In my previous column, I described the benefits of focusing on monetary velocity
to revive the economy. As this parameter increases, employment, income and tax revenue will follow — without raising tax rates and/or reducing deductions from taxable income.
Notwithstanding the aforementioned, I believe the current tax rates and deductions do not permit an optimal allocation of resources. As I mentioned last week, the key driver for economic recovery will be a large differential between corporate tax rates and personal tax rates, with corporate rates being much lower.
Further, personal tax rates on capital (dividends and capital gains) are still too low, despite the recent increase. While advising Herman Cain during his 2012 presidential campaign, I was interested to hear two high-profile investors suggest the same in a televised interview. According to William Gross, founder, managing director and co-chief investment officer of Pimco, the return on capital over the past three decades has been too high. Laurence Fink, chairman and CEO of BlackRock, echoed this sentiment by saying the financial industry has grown too large during this time period and has not added commensurate value to society. Keep in mind, these individuals probably benefited quite handsomely from the highly preferential tax treatment of capital.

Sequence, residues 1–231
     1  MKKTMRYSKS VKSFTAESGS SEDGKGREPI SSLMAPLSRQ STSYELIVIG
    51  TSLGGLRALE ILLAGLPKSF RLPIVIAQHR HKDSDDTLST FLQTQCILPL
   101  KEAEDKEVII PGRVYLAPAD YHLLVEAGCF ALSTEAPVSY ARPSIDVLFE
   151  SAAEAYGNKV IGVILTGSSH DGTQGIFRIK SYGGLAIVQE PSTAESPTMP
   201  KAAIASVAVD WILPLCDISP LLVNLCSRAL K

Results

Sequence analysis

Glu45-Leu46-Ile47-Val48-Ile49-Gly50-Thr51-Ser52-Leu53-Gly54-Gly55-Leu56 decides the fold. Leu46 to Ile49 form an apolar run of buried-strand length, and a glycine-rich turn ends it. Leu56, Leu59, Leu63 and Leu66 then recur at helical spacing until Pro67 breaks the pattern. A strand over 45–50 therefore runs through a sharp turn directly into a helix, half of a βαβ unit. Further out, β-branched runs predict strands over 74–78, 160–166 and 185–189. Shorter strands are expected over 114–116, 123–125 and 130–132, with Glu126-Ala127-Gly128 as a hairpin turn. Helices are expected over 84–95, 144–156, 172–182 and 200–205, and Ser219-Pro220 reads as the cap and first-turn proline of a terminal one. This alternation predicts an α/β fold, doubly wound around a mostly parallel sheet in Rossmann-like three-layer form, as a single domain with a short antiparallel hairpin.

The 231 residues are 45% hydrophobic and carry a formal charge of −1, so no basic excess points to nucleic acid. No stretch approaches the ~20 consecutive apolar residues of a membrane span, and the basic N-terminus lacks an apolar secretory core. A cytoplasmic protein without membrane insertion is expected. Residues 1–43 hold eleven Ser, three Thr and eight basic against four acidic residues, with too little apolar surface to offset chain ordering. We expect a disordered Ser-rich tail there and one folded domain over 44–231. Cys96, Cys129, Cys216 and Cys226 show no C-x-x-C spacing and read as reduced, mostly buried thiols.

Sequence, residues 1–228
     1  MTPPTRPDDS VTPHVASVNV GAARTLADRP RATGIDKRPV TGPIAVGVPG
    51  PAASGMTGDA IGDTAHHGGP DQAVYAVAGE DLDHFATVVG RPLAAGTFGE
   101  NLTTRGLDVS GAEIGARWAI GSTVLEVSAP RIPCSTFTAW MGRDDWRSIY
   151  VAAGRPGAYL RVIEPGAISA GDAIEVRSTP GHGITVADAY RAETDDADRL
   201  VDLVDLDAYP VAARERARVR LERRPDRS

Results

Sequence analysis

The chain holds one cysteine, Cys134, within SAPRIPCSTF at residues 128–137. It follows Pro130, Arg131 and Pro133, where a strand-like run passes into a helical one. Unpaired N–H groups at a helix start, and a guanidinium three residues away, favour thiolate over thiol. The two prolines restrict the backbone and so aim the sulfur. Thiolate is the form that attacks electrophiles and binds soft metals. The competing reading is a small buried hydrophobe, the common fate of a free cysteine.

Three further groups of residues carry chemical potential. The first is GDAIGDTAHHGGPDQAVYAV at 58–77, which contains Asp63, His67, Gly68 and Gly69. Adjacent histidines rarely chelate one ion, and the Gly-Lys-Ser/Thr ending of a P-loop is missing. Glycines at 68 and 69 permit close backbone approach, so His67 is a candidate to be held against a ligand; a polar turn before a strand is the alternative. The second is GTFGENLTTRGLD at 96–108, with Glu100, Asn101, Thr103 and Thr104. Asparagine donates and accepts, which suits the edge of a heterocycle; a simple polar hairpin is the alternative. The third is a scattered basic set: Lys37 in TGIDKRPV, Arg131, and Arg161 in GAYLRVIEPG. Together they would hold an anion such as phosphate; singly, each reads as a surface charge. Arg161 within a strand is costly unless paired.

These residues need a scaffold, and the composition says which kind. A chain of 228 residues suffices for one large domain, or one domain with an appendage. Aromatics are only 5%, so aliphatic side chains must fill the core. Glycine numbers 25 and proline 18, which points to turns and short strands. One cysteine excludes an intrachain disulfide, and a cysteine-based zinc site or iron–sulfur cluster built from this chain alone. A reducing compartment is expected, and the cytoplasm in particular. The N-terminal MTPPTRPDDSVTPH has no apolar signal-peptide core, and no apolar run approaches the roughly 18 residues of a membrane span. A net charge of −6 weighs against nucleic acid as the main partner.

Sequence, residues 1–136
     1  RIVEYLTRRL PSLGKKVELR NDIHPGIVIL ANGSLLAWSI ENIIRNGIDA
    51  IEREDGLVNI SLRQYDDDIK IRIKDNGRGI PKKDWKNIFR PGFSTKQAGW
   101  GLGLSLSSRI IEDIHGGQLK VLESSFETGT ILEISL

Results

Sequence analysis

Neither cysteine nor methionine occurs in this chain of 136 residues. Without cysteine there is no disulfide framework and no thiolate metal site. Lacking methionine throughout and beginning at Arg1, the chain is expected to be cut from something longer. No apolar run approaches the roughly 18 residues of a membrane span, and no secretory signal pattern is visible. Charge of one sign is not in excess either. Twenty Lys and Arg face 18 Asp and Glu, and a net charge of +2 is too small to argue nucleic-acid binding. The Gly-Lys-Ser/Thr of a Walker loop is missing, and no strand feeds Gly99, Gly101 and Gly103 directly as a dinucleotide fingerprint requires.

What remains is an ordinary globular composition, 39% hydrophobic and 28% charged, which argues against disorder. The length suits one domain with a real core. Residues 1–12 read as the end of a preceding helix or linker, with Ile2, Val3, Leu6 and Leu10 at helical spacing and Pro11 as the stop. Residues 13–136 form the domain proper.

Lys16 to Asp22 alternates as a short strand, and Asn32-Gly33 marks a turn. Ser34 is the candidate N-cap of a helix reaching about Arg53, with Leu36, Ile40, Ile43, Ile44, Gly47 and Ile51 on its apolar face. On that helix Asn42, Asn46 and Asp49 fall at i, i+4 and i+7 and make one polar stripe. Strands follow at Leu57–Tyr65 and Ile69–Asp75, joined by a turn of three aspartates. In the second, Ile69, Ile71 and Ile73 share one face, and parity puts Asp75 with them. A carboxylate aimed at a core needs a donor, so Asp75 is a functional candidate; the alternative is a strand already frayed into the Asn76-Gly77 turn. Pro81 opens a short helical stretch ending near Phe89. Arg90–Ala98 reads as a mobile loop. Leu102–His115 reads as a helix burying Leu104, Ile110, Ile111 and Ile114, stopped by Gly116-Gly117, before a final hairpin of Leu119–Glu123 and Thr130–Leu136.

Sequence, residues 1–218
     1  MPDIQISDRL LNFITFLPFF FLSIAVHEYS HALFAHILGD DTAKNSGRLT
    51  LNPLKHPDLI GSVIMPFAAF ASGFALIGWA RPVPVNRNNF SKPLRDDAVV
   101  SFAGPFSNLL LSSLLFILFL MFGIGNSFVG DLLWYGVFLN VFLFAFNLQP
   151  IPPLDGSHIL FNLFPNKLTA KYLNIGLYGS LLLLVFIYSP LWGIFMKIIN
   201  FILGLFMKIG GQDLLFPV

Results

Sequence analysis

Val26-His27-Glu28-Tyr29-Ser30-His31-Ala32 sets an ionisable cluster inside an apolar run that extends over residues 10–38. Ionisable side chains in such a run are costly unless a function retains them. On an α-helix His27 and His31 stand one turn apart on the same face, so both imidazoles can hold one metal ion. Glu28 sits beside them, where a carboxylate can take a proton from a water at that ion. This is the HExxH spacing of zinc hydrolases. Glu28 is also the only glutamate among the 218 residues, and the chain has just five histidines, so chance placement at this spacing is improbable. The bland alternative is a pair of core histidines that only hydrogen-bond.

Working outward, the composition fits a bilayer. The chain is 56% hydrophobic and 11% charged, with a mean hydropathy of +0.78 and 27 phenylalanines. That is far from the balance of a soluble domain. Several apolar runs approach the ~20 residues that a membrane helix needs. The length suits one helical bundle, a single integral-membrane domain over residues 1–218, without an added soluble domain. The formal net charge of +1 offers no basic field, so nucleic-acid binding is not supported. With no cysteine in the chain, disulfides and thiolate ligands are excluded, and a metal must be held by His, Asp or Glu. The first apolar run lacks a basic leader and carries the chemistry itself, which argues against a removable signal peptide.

I also recommend limiting deductions from taxable income to charitable contributions, state and local taxes and an amount equal to the federal poverty limit for families. Moreover, payroll taxes for Social Security and Medicare need to apply to higher levels of income.
These measures would promote more investment in long-term, sustainable businesses that foster greater employment, income and tax revenues, thereby lowering deficits and the rate of debt accumulation.
Maintaining this structure is predicated on a stable medium of exchange. This important component will be discussed next week.
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